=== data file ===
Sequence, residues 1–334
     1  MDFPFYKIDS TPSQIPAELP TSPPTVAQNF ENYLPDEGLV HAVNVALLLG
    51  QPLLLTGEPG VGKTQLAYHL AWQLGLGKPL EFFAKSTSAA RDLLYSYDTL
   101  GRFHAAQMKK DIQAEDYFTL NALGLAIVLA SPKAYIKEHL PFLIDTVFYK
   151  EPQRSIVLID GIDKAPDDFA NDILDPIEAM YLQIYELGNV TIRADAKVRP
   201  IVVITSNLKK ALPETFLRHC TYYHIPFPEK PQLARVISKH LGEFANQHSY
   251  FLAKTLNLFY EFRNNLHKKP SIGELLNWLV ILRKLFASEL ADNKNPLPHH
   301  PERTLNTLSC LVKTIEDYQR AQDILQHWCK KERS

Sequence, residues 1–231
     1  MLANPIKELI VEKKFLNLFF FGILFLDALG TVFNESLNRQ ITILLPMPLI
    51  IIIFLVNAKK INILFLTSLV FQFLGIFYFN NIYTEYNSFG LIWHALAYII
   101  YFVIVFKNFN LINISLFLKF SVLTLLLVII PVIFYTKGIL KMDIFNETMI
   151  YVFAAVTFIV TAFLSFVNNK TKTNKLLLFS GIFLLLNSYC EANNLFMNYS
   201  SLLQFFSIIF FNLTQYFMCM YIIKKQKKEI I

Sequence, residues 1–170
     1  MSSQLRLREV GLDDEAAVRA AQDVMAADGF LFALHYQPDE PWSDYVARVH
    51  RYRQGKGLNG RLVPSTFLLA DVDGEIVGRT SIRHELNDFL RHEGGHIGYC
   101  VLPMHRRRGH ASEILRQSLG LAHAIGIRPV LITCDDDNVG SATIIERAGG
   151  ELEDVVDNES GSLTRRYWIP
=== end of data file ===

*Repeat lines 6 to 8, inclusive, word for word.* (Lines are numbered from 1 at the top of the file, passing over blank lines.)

   201  IVVITSNLKK ALPETFLRHC TYYHIPFPEK PQLARVISKH LGEFANQHSY
   251  FLAKTLNLFY EFRNNLHKKP SIGELLNWLV ILRKLFASEL ADNKNPLPHH
   301  PERTLNTLSC LVKTIEDYQR AQDILQHWCK KERS